Today’s roundup features newcomers dazzling in Triple-A, two members of the Great Minor League Home Run Race playing catch-up, an unorthodox hitter succeeding in the Sally League, and a first-rounder lighting the Midwest League ablaze.
Henry Owens, lhp, Pawtucket (Red Sox): Welcome to Triple-A, young man. In his first game, Owens was paired against Tyler Cloyd, who, no big whoop, had thrown a no-hitter his last time out. No matter, Owens dazzled in his first time with the PawSox, going 6 2/3 shutout innings with two hits and three walks in addition to nine strikeouts. The nine strikeouts represented the fourth time this season he had reached that total or better. He K’d nine in each of his first two games with Portland, then whiffed 11 on July 6 against New Britain. If he keeps this up, it might not be long before he’s showing what he can do at Fenway.
Pacific Coast League
Jake Lamb, 3b, Reno (Diamondbacks): Much like Owens above, Lamb hasn’t had any issues in his short time transitioning to Triple-A. The third baseman, who tore up the Southern League for the first four months of the season, has collected eight hits in his first 15 at-bats with the Aces. He was 1-for-4 last night with a double, his third with Reno and his 38th overall this season. He moved up in part to accommodate the arrival of Peter O’Brien, who came over from the Yankees in the the deal for Martin Prado. Between the levels this season, Lamb has hit .326/.404/.566 with the 38 doubles, five triples and 15 homers.
Kelly Dugan, of, Reading (Phillies): With just one game on the docket, the pickins are slim for this space. With that in mind, we’ll go with Dugan, who has hit well in limited time this year. He’s got plenty of power and can play an adequate right field with more than enough arm for the position. He went 2-for-3 with a run last night, and in 58 games this season has hit .286/.381/.411 with 12 doubles and four homers. The truncated season might give Dugan another shot at the Arizona Fall League this season.
Peter O’Brien, of/c/1b, Mobile (Diamondbacks): After just a few days in the Southern League, O’Brien has made his power known to his new club. With the game tied in the 10th, O’Brien popped a three-run homer to give his team the eventual win. The longball was his 34th of the season, third in all baseball behind Joey Gallo and Kris Bryant. Interestingly, O’Brien played right field with Mobile, a position the Yankees had put the kibosh on shortly after the experiment had started. If he’s going to be a major leaguer with the Diamondbacks, it’s obviously not going to be at first base because of Paul Goldschmidt’s presence, and Miguel Montero’s deal goes through 2017, which makes catcher unlikely, too (O’Brien’s struggles behind the plate puts the kibosh on that as well). It seems right field would have to be the spot for O’Brien, and he’s got both the power and arm for the position, if not the ideal mobility.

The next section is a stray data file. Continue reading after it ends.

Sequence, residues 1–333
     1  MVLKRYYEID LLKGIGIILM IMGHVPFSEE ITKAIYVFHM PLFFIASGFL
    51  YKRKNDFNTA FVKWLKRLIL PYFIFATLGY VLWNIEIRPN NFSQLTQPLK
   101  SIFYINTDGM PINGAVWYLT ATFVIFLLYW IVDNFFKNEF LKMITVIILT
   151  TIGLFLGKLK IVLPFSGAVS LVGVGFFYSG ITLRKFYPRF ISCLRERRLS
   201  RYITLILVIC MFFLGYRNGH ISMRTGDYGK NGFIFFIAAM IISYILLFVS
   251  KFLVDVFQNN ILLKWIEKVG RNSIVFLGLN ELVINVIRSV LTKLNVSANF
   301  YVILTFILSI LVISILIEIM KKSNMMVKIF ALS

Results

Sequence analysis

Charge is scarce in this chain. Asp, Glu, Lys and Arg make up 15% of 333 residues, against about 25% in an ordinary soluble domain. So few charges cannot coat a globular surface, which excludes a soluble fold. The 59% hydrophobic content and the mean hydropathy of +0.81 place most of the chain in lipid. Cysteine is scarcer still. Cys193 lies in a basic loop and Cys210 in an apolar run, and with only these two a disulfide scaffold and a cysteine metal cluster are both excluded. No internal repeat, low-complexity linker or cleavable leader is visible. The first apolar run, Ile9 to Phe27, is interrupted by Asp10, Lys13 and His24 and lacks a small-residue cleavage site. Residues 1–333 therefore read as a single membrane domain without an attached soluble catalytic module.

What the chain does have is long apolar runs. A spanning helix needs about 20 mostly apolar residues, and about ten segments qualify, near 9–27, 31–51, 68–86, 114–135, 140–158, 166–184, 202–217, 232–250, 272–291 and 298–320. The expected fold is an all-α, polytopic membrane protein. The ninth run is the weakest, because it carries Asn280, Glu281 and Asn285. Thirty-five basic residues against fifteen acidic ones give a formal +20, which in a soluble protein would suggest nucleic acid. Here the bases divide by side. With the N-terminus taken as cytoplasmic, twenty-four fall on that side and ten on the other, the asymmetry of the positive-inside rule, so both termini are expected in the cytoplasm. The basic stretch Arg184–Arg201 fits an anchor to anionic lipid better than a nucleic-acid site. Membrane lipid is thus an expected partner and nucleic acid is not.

Florida State League
Roman Quinn, of, Clearwater (Phillies): Quinn may well be the fastest man in the minors, and he’s showed off his speed this year with 23 stolen bags in 30 attempts over 63 games with high Class A Clearwater. He went 2-for-5 last night with a double, a steal and a run, but questions linger about how much he’ll hit at the upper levels. Even if he doesn’t hit, his speed could get him to the major leagues. He’s back to playing center field this year with J.P. Crawford at shortstop, and has shown plus range and a plus arm at the position.
Matt Olson, 1b, Stockton (Athletics): Olson was 3-for-3 last night with a double, a homer, three runs, a walk and a strikeout. And although this night would have been out of character for Adam Dunn, the rest of Olson’s season has mimicked the big donkey, and others of his three-true-outcome ilk, quite nicely. The homer was Olson’s 33rd, helping him keep one behind Peter O’Brien in the Great Minor League Home Run Race. His homers lead the Cal League by five over teammate Renato Nunez, his walks lead the circuit by a large margin, and his strikeouts rank among the top 10.
South Atlantic League
Raimel Tapia, of, Asheville (Rockies): After watching Tapia for a few games last week, I’m marveled by the fact that he can hit. And yet he can. Tapia, who stands 6-foot-2, gets into a deep squat in the box, shrinking down to about 5-foot-7. Then, when he gets to a two-strike count, his squat gets him down to almost Gaedelian in size, to the point where he could rest his elbows on his knees. In either case, his first move is up, which is not something they’ll teach you at the Ted Williams School of Hitting. Still, here we are four months and change into the season and Tapia’s line stands at .332/.384/.464, including a 3-for-5 night with his 26th double of the season on Monday night. Just goes to show that talent doesn’t always go by the book.
Trea Turner, ss, Fort Wayne (Padres): At this point, Midwest League pitchers must be blowing up Randy Smith’s phone, email and gchat lines, begging him to send Turner to Lake Elsinore. He’s done enough damage, they say, and is ruining everyone’s good time. Turner, the Padres’ first-rounder out of N.C. State, was at it again last night, going 3-for-4 with a double and a run in the TinCaps’ win over Lansing. In 20 games with the team, Turner is hitting .458/.516/.639 with 10 doubles, a triple and a homer. In 54 games with the Wolfpack this year, Turner hit 12 doubles. He’s already equaled that total in 43 pro games.